Püssirohukelder

Tartu, Estonia

In 1763 Russian Empress Catherine II ordered to fortify Tartu again. It was decided to build a gunpowder magazine (Püssirohukelder) in the former city moat. The responsibility of the building was assigned to Field-Marshal General de Villebois. His engineers started to build magazine in 1768. The bricks are brought from the old Mary Church (about where the University Main Building is now) and the ruins of the bishop settlement on Toome Hill demolished in 1708. The magazine completed in 1778.

Today Püssirohukelder offers Estonian and German dishes and has room for up to 300 people.

Reference: Püssirohukelder

Comments

Your name

Website (optional)



Address

Lossi 28, Tartu, Estonia
See all sites in Tartu

Details

Founded: 1768-1778
Category:
Historical period: Part of the Russian Empire (Estonia)

Rating

4.4/5 (based on Google user reviews)

User Reviews

Ricky Löfqvist (6 months ago)
Excellent as last time. Lots of Good food and okay prices. Starters are Huge. Free bread with food is a nice touch
Veronika Jallai (6 months ago)
I like this place! Very authentic and has it's own spirit. Waiters are polite,food is tasty! Soup in the bread bowl with forest mushrooms is my favorite!
International Use (8 months ago)
Lovely place to visit on a cold day. Fine soup in a loaf. Fast n friendly service
Elizabeth Toney (10 months ago)
Really cool looking place, beer is great. Service is slow. Food is dated. When the menu says crab claws, they mean those stuffed battered fried things. Cauliflower on the appetizer menu is also fried, unexpected but good. Most tasted that it came from a frozen bag you can get at the grocery store.
Dace Janis Maslovski (11 months ago)
Nice place, large space, we were 7 persons and were served in moderate time. Kids had fun initially but went a little crazy because of waiting time. Soups were delicious. Chicken fillet was a bit too dry and the Est national potato barley mash did not seem really authentic. Staff very nice and friendly. Honest 4 stars.
Powered by Google

Featured Historic Landmarks, Sites & Buildings

Historic Site of the week

Moszna Castle

The Moszna Castle is one of the best known monuments in the western part of Upper Silesia. The history of this building begins in the 17th century, although much older cellars were found in the gardens during excavations carried out at the beginning of the 20th century. Some of the investigators, including H. Barthel, claimed that those cellars could have been remnants of a presumed Templar castle, but their theory has never been proved. After World War II, further excavations discovered a medieval palisade.

The central part of the castle is an old baroque palace which was partially destroyed by fire on the night of April 2, 1896 and was reconstructed in the same year in its original form by Franz Hubert von Tiele-Winckler. The reconstruction works involved an extension of the residence. The eastern Neogothic-styled wing of the building was built by 1900, along with an adjacent orangery. In 1912-1914, the western wing was built in the Neo-Renaissance style. The architectural form of the castle contains a wide variety of styles, thus it can be generally defined as eclectic.

The height of the building, as well as its numerous turrets and spires, give the impression of verticalism. The whole castle has exactly ninety-nine turrets. Inside, it contains 365 rooms. The castle was twice visited by the German Emperor Wilhelm II. His participation in hunting during his stay at the castle was documented in a hand-written chronicle in 1911 as well as in the following year. The castle in Moszna was the residence of a Silesian family Tiele-Winckler who were industrial magnates, from 1866 until the spring of 1945 when they were forced to move to Germany and the castle was occupied by the Red Army. The period of the Soviet control caused significant damage to the castle's internal fittings in comparison to the minor damage caused by WWII.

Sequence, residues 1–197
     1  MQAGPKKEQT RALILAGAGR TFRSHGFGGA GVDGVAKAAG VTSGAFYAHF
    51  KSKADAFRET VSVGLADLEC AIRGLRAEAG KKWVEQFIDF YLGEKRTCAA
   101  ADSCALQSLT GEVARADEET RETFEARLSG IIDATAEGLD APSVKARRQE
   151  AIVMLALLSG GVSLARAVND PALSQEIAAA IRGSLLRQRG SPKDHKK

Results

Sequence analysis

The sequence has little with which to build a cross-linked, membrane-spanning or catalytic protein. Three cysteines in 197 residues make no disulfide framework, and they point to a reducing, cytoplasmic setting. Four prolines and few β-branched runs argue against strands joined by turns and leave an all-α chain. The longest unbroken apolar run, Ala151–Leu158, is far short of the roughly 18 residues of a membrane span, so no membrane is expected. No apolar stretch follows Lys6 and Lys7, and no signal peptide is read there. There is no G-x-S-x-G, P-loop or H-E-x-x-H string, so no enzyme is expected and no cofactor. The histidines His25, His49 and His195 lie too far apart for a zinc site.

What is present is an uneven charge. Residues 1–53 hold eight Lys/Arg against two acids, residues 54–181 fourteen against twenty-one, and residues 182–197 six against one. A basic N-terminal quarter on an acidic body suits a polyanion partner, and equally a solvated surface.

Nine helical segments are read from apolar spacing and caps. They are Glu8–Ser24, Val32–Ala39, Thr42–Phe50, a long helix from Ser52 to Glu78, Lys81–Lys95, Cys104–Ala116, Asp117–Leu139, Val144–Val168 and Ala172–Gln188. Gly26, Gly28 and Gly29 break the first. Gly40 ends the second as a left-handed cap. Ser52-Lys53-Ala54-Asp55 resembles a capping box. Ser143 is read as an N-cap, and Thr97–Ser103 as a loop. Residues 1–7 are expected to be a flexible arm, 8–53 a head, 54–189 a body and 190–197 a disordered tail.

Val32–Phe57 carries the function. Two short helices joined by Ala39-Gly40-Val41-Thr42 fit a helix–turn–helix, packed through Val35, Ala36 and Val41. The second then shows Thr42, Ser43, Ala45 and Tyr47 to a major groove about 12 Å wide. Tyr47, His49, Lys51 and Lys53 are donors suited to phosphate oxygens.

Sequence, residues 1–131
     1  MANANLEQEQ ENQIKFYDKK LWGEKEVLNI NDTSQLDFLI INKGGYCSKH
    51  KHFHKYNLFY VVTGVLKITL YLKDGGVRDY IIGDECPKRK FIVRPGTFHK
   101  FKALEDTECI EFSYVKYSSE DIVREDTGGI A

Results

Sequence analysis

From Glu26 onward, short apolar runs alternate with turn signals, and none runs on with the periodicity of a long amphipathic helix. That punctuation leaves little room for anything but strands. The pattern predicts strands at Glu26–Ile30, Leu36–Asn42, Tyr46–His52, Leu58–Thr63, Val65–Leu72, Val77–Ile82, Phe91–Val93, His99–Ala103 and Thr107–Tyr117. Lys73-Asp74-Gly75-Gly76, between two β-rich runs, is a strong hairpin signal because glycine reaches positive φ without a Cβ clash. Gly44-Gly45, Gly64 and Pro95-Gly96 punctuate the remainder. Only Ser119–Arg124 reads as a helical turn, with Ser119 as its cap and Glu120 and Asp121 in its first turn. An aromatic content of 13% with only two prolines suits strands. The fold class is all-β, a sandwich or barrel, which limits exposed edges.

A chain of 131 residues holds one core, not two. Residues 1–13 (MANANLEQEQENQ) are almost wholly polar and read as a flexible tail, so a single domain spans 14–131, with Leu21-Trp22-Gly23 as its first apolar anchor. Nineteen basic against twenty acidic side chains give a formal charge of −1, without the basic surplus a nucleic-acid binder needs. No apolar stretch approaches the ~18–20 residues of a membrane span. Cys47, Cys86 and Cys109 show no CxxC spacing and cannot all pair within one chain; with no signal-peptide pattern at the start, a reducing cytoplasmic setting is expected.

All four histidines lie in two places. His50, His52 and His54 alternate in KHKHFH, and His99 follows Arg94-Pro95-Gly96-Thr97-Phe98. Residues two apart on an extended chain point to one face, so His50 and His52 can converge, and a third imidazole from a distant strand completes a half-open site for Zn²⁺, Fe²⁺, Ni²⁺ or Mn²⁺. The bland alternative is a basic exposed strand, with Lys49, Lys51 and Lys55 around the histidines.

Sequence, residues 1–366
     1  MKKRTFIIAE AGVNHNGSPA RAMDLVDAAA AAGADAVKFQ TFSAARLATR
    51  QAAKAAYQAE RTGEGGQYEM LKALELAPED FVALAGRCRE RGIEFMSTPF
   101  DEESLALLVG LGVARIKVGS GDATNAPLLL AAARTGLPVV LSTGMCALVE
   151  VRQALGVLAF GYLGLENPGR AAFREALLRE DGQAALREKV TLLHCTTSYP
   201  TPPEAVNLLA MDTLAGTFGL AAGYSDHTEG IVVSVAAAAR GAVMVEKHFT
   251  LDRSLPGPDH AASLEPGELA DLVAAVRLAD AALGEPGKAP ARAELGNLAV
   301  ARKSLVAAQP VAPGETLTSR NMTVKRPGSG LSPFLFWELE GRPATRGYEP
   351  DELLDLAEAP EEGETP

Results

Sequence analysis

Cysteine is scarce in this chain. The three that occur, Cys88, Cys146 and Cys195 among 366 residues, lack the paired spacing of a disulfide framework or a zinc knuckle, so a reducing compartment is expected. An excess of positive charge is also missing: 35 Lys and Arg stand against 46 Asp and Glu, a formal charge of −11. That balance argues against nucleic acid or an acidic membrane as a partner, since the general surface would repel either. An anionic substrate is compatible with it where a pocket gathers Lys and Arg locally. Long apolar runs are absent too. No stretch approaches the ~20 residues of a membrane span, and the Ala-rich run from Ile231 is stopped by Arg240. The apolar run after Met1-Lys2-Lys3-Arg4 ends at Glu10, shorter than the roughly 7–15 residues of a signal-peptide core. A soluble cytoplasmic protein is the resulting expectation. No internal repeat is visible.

After World War II the castle did not have a permanent owner and was the home of various institutions until 1972 when it became a convalescent home. Later it became a Public Health Care Centre for Therapies of Neuroses. Nowadays it can be visited by tourists since the health institution has moved to another building in the neighbourhood. The castle also has a chapel which is used as a concert hall. Since 1998 the castle housed a gallery in which works of various artists are presented at regular exhibitions.

Apart from the castle itself, the entire complex includes a park which has no precise boundaries and includes nearby fields, meadows and a forest. Only the main axis of the park can be characterised as geometrical. Starting from the gate, it leads along the oak and then horse-chestnut avenues, towards the castle. Further on, the park passes into an avenue of lime trees with symmetrical canals running along both sides of the path, lined with a few varieties of rhododendrons. The axis of the park terminates at the base of a former monument of Hubert von Tiele-Winckler. On the eastern side of the avenue there is a pond with an islet referred to by the owners as Easter Island. The islet is planted with needle-leaved shrubs and can be reached by a Chinese-styled bridge. The garden, as part of the whole park complex was restored slightly earlier than the castle itself. Preserved documents of 1868 state that the improvement in the garden's aesthetic quality was undertaken by Hubert von Tiele-Winckler.